While here they rounded out the group hiring George Lloyd (top, in grey). Lloyd has his own post-Katrina plans. As soon as he can, he's moving to Buffalo, where there's family. Despite the flow of work in his native city, he has nightmares. That happens when swamp water rises as high as your neck. And you spend seven days in the Superdome, watching murder and suicide he insists happened despite investigations in the Times-Picayune that report the contrary. "Rape, murder, drugs, guns, you name it, it was in there," he said. Despite the squalor and the violence, he said he wasn't scared because he's seen it all. "I done live through all that," he said. "I was worried about the kids."

Lloyd, who before Katrina worked several jobs including at a shipyard and sterilyzing trays at a local hospital, said the breakdown was just the natural course of events. People didn't enter the Superdome ravaged. But it became apparant that there would be no resuce and no one seemed in charge. Time simply took its toll. "When you ain't got no oxygen and the power went out and it's hot, no one can eat and you're confused, naturally people are going to get disturbed," he said. "Then it turned violent."

After the Superdome, Lloyd was bused to Tulsa, Okla., but after eight days, he turned right back around. He arrived in the Lower Ninth and find his apartment building "totally gone." Today he's staying with a cousin in Kenner, a suburb.

While up on ladders, his new co-workers prod him for stories he hesitates to retell. "The little food they had, there was not enough to go around. When kids go hungry, that's a helluva thing. It shouldn't have been," he said. "It was hell in there."

Mitch said that despite the horrors that happened in this neighborhood, he's convinced things will change for the better. For that to happen, it will take a new sense of perception, trust — and patience. "Anyone who thinks it's going to change overnight is fooling themselves," he said. "It's monumental."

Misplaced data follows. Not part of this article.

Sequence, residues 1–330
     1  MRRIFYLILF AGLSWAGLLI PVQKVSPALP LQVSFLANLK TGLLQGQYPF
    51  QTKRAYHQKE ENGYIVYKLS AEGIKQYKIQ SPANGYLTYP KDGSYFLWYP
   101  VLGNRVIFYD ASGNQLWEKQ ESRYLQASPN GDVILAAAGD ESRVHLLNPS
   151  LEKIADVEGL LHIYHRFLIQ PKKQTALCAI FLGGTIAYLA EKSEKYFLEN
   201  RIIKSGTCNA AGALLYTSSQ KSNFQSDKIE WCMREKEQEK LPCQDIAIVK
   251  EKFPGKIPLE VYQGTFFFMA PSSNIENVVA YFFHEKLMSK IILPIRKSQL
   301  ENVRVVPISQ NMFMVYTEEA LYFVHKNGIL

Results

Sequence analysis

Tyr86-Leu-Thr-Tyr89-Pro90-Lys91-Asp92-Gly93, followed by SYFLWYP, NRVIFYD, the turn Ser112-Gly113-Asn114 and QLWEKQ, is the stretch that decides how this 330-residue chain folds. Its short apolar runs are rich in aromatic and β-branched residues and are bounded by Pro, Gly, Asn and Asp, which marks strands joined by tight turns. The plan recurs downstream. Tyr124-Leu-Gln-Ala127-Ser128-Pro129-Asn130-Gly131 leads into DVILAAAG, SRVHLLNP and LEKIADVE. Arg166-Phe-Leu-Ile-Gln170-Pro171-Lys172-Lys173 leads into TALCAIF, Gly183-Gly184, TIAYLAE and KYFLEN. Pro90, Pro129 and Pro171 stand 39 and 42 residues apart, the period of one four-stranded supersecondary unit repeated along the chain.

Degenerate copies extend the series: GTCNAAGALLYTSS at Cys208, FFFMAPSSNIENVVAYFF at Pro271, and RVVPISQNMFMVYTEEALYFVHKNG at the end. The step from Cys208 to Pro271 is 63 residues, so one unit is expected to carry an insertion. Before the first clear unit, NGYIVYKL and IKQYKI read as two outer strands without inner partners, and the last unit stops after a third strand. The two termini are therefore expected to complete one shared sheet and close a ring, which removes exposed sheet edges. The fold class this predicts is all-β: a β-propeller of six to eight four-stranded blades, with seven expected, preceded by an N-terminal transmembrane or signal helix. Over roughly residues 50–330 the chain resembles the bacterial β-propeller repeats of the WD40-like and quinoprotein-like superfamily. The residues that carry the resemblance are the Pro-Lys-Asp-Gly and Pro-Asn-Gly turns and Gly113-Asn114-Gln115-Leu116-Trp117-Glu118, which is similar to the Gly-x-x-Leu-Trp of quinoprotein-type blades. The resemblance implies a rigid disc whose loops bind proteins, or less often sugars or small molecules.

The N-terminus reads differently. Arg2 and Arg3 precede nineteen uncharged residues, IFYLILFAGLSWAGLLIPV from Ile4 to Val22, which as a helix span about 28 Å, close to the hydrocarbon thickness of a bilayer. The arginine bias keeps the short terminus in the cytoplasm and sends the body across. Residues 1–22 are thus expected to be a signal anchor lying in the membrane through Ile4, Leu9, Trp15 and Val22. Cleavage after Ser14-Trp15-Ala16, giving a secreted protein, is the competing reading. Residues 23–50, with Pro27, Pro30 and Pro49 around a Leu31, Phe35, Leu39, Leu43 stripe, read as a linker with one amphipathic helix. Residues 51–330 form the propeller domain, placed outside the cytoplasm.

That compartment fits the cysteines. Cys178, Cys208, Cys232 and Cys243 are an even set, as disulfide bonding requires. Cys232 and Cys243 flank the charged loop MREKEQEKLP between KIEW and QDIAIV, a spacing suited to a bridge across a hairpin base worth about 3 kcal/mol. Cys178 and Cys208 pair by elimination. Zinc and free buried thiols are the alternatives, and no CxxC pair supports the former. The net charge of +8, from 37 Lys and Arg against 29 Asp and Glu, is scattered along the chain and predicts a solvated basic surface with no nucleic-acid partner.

Saturday, April 29, 2006

Freaky Friday

By Friday, none of us could barely move. This is exhausting work. Not just because I don't do physical labor everyday. But there is speed involved. A Habitat higher-up told our team leader that if every team was like our's, they'd be finishing more houses. We really locked into a rhythm by week's end and everyone became essential. It shows that you can get a group of strangers, put them in one setting and if the chemistry is there, stand out of the way.

We found dark humor that, on the same day we finished a week of in the worst devastation possible, W. was in town, heeding the call of his spin doctors. We heard the helicopters yesterday. Too bad the general public doesn't know how much of a fake photo-op his appearances like these are. Just like "Mission Accomplished," it is a calculated distortion. He showed up at a home building, not gutting. The idea was to show that New Orleans is on the rebound, the government is doing its job, conversativism is still compassionate and these neighborhoods are coming back fast. The truth is, of course, there is hardly any construction here. These neighborhoods are far, far, far, far from that stage. A majority of the city's black population is dismissed from here and nothing will be the same. If he wanted to roll up his sleeves and help us gut one of these sadly destroyed homes in neighborhoods that went on for miles, he was welcome. However, his handlers instead chose to shovel sweet candy in front of the nation, an image that does not exist and the idea that the problem is solved.

And this is another example of why the real story of Katrina is not being told. It's lost in the smoke and mirrors of the administration in charge and a media that's inert. If this is the case in New Orleans, on American soil, can you imagine what atrocities are being covered up in Iraq?